The new fan solutions are also designed and produced with sustainability in mind and are 98% recyclable. Using high-tech frequency drives that can run a motor at variable speeds, they support intelligent building ventilation where the ventilation system helps save energy and improve system efficiency. Since the fan technology has been continually developed and refined, they also meet the highest emission and efficiency targets. Furthermore, replacing old fans reduces heat generation as newer and more efficient fan motors generate less heat gain and have much lower sound levels.
Concerns may put a spoke in the wheel
To bring about this change and move towards a greener and more sustainable future as envisioned in, for example, the Singapore Green Plan 2030, we have to embed the good intentions into the specific product specifications driven by ambitious legislation and by companies taking on the responsibility.
Even though governments blueprint environmental changes, there can be practical concerns by building owners and operators around service disruption and nervousness caused by unfamiliarity with new equipment that may upset their upset thought process. Key points to bear in mind when retrofitting ventilation fans in a building to improve energy efficiency is, firstly, to choose a solution where the physical retrofit work is carried out very quickly and with minimum or no service disruption for the occupiers. Secondly, new fans have higher reliability and lower maintenance needs reducing operating costs. Thirdly, they are a perfect fit to achieve green targets as there are no plastic parts, and they are 98% recyclable.
“Cleaner and better use of energy is core to any plan to tackle climate change” is one of the key Singapore Green Plan statements, and it counts not only for Singapore but for the entire Southeast Asian region and the rest of the world as well. A combined effort from government to company level is the only way to ensure that high energy efficiency levels to lower carbon emissions are put into practice in the production and supply chain. If green legislation is not ambitious enough and is not embedded in the processes and procedures at a company, city or country level, we will not reach the global climate targets set out.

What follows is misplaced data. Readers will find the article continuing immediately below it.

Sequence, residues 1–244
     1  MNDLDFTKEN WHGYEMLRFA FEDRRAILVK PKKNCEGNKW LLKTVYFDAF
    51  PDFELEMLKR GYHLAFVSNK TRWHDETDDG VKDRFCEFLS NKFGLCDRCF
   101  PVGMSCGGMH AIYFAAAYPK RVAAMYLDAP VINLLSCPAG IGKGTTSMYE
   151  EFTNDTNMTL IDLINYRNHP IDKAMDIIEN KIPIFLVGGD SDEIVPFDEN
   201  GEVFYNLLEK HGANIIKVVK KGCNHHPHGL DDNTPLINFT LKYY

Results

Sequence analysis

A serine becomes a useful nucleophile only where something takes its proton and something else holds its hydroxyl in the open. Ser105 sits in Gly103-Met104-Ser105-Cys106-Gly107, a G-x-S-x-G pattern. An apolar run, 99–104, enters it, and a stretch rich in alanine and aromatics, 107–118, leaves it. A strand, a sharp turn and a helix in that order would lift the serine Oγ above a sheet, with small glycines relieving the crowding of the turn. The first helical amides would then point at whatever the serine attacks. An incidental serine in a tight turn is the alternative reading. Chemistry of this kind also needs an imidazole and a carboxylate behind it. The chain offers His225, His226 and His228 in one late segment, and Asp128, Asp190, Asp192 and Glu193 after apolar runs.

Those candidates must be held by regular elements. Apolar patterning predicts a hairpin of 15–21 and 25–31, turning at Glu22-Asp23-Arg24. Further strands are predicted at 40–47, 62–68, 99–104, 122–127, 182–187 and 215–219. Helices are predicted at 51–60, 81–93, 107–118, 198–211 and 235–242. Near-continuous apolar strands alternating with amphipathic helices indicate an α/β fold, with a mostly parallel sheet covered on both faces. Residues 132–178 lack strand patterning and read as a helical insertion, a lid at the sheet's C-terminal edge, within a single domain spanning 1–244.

In conclusion, the potential of investing in energy-efficient and sustainable solutions is evident. Still, there is a need for legislation to overcome the barrier which the higher cost for raw and recycled materials poses. The legislation should support green initiatives and products, so the cost difference is only minimal – because, in the end, the initial cost drives the decision to buy for most owners and developers. There is no doubt that legislation can help us in the right direction, and initiatives like the Singapore Green Plan are exciting examples of governments supporting and creating the foundation for a greener and more sustainable future.
(ii) C40 Cities Climate Leadership Group, Inc.: https://www.c40.org/why_cities
(iii) “1.5°C in Urban Areas. Contributing to the Paris Agreement through the transport and building sectors” by Navigant
(iv) The total system efficiency is 85% against 60-70% for older systems.